Advil Free Performance Appraisal

I’ve never had a performance appraisal that didn’t make me want to quit. Throughout my 15-year corporate career, before starting Candid Culture,I had some great bosses. And I always got good ratings and positive reviews. But there was always some comment or piece of feedback, in every performance appraisal, that frustrated me or impacted my raise or bonus in a way that felt unfair.

And each time I got feedback that felt unfair, I looked for how I contributed to the situation.

Performance Appraisal

Which means it’s our job to ask the expectations of the people we work with and collect their feedback throughout the year, so we’re not blind-sided at year end.

Below are some tips to ensure you give and receive a useful and trauma-free performance appraisal.

If you read my last blog post,you know that your boss may not know all the good and not-so-good things you do on a daily basis. It’s your job to let her know about your accomplishments.

Assemble a list of things you’ve accomplished this year. This list might include emails and feedback from people you work with both inside and outside your organization. Ask your boss’s permission to send her the list. And tell her the information is intended to make it easy to write your appraisal.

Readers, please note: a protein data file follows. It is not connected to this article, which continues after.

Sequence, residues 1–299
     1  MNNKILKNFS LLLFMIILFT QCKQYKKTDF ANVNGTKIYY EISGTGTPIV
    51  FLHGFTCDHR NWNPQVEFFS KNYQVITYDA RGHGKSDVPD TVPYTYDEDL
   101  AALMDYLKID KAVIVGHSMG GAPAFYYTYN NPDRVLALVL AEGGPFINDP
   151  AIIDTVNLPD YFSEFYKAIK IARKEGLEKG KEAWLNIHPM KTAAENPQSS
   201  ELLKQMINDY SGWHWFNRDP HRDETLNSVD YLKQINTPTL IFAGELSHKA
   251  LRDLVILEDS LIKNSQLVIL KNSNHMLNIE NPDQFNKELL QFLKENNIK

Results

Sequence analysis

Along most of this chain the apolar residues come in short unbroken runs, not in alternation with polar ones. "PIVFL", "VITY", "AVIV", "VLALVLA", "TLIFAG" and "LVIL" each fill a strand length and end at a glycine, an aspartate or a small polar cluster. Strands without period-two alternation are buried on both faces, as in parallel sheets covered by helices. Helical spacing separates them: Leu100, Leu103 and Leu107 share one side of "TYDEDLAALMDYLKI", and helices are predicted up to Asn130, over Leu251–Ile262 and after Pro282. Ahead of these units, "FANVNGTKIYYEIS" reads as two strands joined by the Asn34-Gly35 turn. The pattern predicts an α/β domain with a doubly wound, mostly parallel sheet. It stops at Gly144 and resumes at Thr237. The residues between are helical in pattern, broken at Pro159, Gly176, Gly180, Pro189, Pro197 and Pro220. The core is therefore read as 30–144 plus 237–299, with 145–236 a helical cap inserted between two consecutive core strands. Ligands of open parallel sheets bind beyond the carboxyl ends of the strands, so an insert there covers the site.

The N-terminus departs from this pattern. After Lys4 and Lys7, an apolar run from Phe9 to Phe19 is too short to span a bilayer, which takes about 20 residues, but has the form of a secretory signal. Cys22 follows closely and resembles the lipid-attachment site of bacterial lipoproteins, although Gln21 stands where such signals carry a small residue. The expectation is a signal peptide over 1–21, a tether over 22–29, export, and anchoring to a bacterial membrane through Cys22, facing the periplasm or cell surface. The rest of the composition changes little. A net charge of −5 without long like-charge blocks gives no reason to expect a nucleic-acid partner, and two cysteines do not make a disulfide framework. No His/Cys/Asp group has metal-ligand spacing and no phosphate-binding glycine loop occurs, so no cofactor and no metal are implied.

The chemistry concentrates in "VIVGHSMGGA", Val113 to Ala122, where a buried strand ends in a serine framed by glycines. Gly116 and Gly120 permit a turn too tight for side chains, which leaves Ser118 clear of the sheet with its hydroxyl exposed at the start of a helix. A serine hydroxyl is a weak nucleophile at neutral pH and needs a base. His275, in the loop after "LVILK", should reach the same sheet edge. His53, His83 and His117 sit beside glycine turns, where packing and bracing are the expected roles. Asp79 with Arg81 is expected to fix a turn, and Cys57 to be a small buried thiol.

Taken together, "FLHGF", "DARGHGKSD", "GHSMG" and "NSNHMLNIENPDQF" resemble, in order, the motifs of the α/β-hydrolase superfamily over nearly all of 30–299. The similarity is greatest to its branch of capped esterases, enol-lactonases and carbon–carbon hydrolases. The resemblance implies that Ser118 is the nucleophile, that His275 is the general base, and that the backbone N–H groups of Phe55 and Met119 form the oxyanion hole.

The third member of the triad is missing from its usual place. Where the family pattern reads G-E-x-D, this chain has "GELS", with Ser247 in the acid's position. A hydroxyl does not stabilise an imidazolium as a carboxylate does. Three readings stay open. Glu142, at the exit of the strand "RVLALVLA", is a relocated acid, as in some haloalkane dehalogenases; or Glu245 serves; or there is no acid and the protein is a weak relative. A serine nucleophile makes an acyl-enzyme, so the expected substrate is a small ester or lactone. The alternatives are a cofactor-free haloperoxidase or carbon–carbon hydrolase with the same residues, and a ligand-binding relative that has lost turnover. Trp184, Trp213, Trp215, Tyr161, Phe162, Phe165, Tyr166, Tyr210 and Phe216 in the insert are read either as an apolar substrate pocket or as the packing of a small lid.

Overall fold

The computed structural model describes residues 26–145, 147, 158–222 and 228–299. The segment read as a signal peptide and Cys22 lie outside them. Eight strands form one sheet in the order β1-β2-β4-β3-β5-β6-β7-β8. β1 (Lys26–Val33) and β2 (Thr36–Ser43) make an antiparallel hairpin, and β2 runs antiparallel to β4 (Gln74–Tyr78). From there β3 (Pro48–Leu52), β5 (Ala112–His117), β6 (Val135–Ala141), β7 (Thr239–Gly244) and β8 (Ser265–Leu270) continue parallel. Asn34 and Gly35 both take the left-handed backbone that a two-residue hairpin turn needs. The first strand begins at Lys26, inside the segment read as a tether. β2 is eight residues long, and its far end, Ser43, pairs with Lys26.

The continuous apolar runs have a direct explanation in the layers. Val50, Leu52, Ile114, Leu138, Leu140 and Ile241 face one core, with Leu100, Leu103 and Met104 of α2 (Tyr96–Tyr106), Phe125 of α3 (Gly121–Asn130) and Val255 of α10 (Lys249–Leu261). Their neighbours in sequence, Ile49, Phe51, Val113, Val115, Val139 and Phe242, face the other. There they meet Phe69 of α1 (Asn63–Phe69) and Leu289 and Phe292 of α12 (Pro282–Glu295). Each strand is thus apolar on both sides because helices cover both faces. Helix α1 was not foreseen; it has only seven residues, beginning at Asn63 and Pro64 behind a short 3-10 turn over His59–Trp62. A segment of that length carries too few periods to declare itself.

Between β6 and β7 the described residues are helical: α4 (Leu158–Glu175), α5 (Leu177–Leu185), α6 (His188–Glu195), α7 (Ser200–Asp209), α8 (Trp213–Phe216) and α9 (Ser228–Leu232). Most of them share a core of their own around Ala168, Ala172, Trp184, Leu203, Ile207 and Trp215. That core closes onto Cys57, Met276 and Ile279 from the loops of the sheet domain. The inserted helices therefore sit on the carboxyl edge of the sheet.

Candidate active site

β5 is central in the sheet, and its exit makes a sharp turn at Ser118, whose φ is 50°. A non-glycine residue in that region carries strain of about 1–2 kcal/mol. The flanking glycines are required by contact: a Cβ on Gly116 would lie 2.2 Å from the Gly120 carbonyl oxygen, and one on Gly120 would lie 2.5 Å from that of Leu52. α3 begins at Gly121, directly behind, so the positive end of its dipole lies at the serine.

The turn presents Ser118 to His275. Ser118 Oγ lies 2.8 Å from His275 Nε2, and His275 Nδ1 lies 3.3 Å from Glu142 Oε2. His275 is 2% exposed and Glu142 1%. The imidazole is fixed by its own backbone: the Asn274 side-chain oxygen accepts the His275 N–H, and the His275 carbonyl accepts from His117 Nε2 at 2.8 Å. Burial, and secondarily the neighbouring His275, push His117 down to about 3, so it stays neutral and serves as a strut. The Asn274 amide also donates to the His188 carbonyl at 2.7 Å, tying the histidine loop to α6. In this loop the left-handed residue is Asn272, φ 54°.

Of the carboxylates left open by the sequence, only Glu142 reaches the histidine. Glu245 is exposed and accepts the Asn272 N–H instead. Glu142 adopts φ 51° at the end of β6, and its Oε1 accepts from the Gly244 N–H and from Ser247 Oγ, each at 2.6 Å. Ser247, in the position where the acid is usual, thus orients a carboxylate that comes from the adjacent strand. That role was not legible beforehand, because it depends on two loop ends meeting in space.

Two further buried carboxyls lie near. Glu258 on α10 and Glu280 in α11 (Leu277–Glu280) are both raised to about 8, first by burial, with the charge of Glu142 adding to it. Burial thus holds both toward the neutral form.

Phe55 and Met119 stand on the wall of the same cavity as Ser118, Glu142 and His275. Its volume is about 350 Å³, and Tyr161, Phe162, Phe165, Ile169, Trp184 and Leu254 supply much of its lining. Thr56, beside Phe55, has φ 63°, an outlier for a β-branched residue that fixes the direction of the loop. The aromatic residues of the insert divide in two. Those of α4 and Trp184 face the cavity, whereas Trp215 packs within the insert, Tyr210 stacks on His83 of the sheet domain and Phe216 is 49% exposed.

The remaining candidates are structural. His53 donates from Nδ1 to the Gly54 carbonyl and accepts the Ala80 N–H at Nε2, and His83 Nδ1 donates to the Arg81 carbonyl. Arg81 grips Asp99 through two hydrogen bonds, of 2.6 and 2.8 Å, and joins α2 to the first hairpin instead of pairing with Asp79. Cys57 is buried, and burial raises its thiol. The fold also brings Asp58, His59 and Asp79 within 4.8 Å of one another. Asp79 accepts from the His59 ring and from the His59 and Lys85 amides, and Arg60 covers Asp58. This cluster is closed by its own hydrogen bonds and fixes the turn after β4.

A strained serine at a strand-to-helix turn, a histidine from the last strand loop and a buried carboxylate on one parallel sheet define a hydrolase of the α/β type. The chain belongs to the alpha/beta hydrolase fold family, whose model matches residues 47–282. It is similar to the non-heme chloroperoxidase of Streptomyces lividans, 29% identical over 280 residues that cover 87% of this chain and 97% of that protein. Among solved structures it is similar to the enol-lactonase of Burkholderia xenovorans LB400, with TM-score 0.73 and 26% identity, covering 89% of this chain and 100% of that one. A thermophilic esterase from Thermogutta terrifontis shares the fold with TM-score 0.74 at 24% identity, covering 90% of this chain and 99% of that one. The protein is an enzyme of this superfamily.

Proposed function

If you don’t have feedback from your peers and internal or external customers, ask for it. I define customers as anyone you need to get your job done and anyone who needs you to get their job done. Send a short email to five or six people with whom you work closely, and ask them to send your boss some feedback about your performance this past year. If they’re comfortable sending you the feedback directly, all the better. Guide your customers by asking specific questions. That way you’ll get specific feedback, versus, “Dave did a good job this year.”